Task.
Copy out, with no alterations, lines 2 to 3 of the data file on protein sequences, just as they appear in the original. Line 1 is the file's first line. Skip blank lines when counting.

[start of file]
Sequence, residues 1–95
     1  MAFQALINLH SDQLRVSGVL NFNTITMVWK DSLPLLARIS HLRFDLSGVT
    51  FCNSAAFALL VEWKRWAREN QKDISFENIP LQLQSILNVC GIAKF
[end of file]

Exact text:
     1  MAFQALINLH SDQLRVSGVL NFNTITMVWK DSLPLLARIS HLRFDLSGVT
    51  FCNSAAFALL VEWKRWAREN QKDISFENIP LQLQSILNVC GIAKF